The History of 'Female Sexual Dysfunction' as a Mental Disorder in the 20th Century

Katherine Angel


Curr Opin Psychiatry. 2010;23(6):536-541. 

In This Article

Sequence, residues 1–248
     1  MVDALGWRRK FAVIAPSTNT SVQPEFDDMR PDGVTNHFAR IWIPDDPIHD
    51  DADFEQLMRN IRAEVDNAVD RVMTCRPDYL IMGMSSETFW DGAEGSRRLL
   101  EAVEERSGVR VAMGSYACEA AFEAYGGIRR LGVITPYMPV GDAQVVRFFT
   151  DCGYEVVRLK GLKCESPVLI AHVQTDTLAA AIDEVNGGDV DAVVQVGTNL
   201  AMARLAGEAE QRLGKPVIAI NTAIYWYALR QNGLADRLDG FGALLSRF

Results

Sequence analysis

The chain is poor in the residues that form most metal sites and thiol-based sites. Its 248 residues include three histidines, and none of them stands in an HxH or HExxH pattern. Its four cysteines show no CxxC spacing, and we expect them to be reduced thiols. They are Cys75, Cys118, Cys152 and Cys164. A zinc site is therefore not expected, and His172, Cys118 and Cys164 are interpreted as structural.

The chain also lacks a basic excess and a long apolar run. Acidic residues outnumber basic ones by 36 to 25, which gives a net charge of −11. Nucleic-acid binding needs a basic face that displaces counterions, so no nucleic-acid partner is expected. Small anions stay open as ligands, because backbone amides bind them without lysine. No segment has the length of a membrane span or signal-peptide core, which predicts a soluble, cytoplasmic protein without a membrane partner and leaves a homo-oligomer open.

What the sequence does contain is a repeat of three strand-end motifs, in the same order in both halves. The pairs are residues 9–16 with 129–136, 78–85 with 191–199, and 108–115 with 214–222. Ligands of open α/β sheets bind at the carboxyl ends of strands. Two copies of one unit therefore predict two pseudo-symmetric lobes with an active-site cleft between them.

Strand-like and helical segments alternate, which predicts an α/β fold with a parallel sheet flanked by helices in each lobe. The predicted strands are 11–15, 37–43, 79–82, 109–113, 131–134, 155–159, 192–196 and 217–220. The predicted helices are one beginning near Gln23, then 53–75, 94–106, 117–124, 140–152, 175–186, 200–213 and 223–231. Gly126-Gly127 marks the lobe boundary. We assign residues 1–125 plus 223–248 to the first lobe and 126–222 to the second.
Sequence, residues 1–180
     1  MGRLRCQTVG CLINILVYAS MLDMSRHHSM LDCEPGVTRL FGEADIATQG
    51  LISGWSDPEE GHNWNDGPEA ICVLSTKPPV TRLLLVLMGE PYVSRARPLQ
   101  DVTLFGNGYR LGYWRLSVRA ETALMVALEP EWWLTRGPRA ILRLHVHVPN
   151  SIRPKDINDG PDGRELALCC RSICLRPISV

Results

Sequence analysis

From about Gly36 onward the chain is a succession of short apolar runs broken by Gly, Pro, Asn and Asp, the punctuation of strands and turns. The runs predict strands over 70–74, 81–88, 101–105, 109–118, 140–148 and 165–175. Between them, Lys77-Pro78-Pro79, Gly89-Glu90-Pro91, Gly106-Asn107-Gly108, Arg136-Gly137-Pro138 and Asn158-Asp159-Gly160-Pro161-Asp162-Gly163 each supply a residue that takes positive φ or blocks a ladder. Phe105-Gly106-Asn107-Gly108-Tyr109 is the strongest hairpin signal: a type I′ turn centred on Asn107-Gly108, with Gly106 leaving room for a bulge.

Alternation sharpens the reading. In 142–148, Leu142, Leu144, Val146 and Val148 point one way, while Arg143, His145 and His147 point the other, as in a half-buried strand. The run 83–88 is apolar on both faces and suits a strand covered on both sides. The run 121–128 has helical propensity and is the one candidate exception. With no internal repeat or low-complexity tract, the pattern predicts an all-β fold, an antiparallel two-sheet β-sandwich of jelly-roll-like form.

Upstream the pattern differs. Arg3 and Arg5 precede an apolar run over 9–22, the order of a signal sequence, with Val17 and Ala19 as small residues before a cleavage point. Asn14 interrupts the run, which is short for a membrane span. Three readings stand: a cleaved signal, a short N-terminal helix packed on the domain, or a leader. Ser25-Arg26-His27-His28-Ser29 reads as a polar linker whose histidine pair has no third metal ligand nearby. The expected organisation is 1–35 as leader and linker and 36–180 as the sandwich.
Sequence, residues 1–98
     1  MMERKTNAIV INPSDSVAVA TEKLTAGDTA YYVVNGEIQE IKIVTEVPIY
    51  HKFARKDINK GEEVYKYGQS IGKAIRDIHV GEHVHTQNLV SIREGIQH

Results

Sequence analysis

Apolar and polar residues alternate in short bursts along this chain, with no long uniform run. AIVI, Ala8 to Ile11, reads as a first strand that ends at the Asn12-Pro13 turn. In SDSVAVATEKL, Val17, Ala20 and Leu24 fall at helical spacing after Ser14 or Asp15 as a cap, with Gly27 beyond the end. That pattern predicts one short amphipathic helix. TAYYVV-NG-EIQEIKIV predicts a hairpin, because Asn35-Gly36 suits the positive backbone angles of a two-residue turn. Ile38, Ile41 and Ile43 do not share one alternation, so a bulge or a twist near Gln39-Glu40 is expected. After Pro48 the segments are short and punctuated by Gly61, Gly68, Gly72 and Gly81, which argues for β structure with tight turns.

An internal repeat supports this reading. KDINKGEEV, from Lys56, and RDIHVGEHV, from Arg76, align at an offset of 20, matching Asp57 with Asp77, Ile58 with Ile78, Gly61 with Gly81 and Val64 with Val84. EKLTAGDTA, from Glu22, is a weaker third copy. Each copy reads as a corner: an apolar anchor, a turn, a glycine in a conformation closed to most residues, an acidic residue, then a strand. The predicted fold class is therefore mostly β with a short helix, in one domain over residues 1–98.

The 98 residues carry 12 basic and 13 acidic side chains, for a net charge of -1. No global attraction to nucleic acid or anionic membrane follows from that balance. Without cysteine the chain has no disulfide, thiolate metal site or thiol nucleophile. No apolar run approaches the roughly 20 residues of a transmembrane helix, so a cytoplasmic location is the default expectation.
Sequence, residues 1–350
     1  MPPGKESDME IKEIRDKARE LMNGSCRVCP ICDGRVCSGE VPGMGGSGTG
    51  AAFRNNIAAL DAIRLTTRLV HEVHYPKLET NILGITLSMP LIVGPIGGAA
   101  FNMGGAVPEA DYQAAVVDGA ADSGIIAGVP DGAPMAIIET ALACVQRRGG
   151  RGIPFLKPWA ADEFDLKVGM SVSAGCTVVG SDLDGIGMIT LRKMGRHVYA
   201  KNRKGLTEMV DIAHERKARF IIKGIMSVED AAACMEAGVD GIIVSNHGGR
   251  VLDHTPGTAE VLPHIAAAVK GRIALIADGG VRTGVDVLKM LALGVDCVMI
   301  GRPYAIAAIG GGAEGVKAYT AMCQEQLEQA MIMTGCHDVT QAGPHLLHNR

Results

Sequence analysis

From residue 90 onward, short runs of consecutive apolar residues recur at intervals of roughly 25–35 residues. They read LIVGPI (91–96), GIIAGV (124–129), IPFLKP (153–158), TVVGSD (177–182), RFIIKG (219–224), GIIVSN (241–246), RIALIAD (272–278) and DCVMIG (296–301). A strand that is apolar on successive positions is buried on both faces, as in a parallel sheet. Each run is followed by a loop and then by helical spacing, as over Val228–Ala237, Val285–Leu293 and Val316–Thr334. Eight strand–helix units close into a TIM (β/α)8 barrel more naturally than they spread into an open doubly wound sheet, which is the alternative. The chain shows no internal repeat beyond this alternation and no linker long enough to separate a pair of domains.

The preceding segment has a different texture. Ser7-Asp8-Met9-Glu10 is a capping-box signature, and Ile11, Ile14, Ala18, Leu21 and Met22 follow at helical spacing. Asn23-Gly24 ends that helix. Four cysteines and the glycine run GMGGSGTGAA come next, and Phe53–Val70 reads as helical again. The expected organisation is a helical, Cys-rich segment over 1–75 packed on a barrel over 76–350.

Throughout the 20th century, and in diverse locations, female sexual problems have been associated – through psychoanalysis, theories of nervous irritation, or DSM psychiatry – with nervous and mental illness. Different literatures emphasize the social aspects of sexuality and the educational potential for resolving problems in various ways. The shift away from a primarily psychoanalytic psychiatry in DSM-III involved a striking differentiation of sexual 'dysfunctions'. What has since emerged is a fraught debate in which numerous protagonists seek to distance the possibility that 'FSD' be understood as a mental illness – because of a fear that this is equivalent to blaming or disbelieving sufferers. The contested status, with second-wave feminism, of both psychogenic etiology and of psychiatric expertise operates in the current critique of FSD. The legacy of both the scientific and cultural critique of psychodynamic psychiatry in the postwar period, as well as that of the feminist critique of psychotherapy and psychiatry, have, thus, converged to create a heated contemporary debate about sexuality, pleasure, psychiatry, and technology.


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